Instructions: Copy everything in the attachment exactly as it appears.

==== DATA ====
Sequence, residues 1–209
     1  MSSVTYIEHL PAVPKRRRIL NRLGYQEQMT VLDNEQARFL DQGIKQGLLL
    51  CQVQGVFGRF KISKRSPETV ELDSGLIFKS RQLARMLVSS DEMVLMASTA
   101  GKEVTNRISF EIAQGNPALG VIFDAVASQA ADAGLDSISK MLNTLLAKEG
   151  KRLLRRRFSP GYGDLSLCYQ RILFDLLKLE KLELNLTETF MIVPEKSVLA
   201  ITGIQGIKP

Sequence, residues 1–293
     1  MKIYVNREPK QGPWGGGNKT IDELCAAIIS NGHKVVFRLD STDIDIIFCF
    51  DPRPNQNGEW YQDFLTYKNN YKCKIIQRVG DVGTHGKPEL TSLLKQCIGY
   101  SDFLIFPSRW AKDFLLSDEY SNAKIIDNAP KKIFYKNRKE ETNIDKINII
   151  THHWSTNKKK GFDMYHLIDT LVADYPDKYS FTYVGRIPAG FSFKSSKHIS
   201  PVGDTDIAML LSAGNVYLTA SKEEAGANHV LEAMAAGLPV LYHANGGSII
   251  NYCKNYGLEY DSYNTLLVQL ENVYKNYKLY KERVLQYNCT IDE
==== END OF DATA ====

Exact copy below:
Sequence, residues 1–209
     1  MSSVTYIEHL PAVPKRRRIL NRLGYQEQMT VLDNEQARFL DQGIKQGLLL
    51  CQVQGVFGRF KISKRSPETV ELDSGLIFKS RQLARMLVSS DEMVLMASTA
   101  GKEVTNRISF EIAQGNPALG VIFDAVASQA ADAGLDSISK MLNTLLAKEG
   151  KRLLRRRFSP GYGDLSLCYQ RILFDLLKLE KLELNLTETF MIVPEKSVLA
   201  ITGIQGIKP

Sequence, residues 1–293
     1  MKIYVNREPK QGPWGGGNKT IDELCAAIIS NGHKVVFRLD STDIDIIFCF
    51  DPRPNQNGEW YQDFLTYKNN YKCKIIQRVG DVGTHGKPEL TSLLKQCIGY
   101  SDFLIFPSRW AKDFLLSDEY SNAKIIDNAP KKIFYKNRKE ETNIDKINII
   151  THHWSTNKKK GFDMYHLIDT LVADYPDKYS FTYVGRIPAG FSFKSSKHIS
   201  PVGDTDIAML LSAGNVYLTA SKEEAGANHV LEAMAAGLPV LYHANGGSII
   251  NYCKNYGLEY DSYNTLLVQL ENVYKNYKLY KERVLQYNCT IDE